Israel provides medical care to a considerable number of Palestinians at its medical facilities. In 2005 alone, around 123,000 Palestinians received treatment at just one facility, Hadassah Hospital, in Jerusalem. Israel extended medical assistance to over 4,000 victims of the Syrian Civil War at civilian hospitals, funded by the Israeli government.

      A fortnight ago, John Spencer, head of Urban Warfare Studies at West Point, authored an article in Newsweek highlighting that during Israel’s conflict with Hamas, the nation “has implemented more measures to prevent civilian casualties than any other military in history. … As someone who has served two tours in Iraq and studied urban warfare for over a decade, Israel has taken precautionary measures even the United States did not do during its recent wars in Iraq and Afghanistan.

      “Israel provided days and then weeks of warnings, and opportunities for civilians to evacuate several cities in northern Gaza prior to commencing the main air-ground attack of urban areas. The Israel Defense Forces (IDF) also utilized the practice of notifying inhabitants via calls and text messages ahead of an airstrike, as well as ‘roof-knocking,’ a method that involves deploying small munitions on the roof of a building to alert everyone to evacuate the building before a strike.

      “No existing military has ever adopted any of these practices in warfare previously,” Spencer concluded.

      In contrast to Israel’s decency, humanity, democracy, and morality, Hamas, supported by the majority of the Palestinians, is tantamount to the Nazis in terms of morality. It habitually inflicts torture upon Palestinian dissidents of its despotic regime and is resolute in its quest for the obliteration of Israel and its Jewish inhabitants. It takes pride in the immolation of Jewish families and the sexual abuse, rape, and disfigurement of Jewish women.

      With respect to Hamas’ barbarism, Amnesty International reported in 2015 the case of Atta Najjar, a former police officer under the Palestinian Authority:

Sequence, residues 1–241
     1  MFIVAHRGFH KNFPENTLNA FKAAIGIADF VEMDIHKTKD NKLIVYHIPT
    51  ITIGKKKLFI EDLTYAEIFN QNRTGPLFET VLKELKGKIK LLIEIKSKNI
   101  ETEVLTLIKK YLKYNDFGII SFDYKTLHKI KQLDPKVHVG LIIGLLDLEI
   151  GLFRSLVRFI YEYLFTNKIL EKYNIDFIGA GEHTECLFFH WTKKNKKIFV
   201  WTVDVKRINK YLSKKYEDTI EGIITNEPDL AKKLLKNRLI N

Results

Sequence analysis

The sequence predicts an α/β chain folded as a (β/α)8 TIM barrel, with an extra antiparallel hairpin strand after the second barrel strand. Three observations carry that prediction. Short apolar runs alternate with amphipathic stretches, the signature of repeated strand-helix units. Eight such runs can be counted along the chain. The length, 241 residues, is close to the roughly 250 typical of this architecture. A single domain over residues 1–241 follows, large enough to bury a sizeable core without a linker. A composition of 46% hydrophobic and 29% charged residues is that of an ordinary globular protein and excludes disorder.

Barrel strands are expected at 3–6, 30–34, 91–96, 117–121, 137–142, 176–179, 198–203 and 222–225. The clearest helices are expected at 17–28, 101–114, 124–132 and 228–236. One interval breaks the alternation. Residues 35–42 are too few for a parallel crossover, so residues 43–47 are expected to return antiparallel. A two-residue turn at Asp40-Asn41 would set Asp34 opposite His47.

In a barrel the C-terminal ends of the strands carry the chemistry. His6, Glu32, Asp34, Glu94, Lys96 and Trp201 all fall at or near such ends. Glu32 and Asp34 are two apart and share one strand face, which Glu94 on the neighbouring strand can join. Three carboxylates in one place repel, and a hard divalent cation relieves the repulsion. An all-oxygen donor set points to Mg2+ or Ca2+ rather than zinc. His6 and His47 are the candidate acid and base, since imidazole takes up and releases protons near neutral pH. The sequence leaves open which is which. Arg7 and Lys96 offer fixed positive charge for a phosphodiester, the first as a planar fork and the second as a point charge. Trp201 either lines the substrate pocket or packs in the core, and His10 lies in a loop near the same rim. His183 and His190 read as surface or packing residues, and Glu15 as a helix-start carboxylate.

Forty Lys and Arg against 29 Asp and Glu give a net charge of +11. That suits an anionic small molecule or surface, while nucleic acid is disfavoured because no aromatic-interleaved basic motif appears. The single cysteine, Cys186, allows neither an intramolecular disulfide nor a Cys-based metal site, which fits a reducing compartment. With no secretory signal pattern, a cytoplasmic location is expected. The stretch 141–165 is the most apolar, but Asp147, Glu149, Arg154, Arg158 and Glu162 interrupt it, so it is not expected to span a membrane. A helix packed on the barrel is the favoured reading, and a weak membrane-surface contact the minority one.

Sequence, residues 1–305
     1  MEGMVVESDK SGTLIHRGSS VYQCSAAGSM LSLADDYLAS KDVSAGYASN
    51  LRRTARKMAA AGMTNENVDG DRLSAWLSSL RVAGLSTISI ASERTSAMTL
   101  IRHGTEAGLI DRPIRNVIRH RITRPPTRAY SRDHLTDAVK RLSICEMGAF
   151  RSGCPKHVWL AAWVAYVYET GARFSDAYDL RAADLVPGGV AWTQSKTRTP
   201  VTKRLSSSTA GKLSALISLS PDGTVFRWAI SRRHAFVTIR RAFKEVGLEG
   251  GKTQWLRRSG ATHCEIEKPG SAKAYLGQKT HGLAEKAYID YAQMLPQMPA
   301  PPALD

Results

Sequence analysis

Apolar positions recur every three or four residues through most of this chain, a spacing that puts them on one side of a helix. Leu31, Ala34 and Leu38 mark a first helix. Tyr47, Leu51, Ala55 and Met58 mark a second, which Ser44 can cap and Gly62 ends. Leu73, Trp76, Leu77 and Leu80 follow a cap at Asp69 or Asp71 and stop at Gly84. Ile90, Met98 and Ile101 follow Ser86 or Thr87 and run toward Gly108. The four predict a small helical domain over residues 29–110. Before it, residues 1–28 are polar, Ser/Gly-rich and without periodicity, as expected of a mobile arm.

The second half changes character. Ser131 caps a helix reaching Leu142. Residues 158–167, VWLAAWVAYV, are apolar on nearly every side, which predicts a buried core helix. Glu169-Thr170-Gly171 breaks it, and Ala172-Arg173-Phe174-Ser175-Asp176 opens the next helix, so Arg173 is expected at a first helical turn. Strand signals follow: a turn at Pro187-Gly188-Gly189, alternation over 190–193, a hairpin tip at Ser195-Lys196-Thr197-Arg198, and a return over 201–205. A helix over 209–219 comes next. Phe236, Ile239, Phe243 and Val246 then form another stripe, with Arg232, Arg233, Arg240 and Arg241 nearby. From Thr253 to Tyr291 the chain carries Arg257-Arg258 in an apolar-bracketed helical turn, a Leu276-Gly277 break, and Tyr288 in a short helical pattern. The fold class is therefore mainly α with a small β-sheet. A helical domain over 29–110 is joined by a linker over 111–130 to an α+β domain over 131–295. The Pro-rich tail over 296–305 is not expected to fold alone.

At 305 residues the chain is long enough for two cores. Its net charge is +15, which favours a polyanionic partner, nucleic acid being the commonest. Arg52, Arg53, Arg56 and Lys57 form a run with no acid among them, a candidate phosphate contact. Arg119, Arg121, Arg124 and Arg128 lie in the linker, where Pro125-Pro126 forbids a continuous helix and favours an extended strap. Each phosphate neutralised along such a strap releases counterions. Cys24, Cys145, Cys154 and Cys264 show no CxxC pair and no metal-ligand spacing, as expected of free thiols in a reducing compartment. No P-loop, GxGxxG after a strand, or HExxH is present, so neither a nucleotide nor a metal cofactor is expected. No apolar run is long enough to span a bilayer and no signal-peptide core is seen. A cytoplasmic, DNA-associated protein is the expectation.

“[Najjar] was serving a 15-year prison term imposed by a military court after he was arrested in 2009 and subsequently convicted of ‘collaborating’ with Israel. On 22 August 2014, he was taken out from the prison and executed.

      “There were signs of torture and bullet wounds on his body. His limbs were fractured … his body was mangled as if it had been crushed in a bag. … His body bore approximately 30 bullet holes. He exhibited evidence of incisions around his neck, wounds from knives. … And at the back of his head, there was no brain. Gone … It was strenuous for us to transport him. … He was weighty, like putting meat into a bag; no bones. His bones were crushed. They broke him in the prison,’ recounted his brother, who retrieved the corpse from the al-Shifa hospital morgue on 22 August 2014.”

      Nonetheless, the decency of Israel and the ruthlessness of Hamas are insignificant to a large portion of the world, particularly the Left, the academia, and the media. Because the distinction between good and evil is irrelevant. Only the discrepancy between affluence and poverty, between non-colored and colored, between strength and weakness, between the occupier and the occupied, between the oppressor and the oppressed holds significance.
        

Dennis Prager is a broadly broadcasted radio talk-show host and journalist. His critique on Numbers, the fourth volume of “The Rational Bible,” his five-volume commentary on the first five books of the Bible will be released in October 2024. He co-founded Prager University and can be reached at dennisprager.com.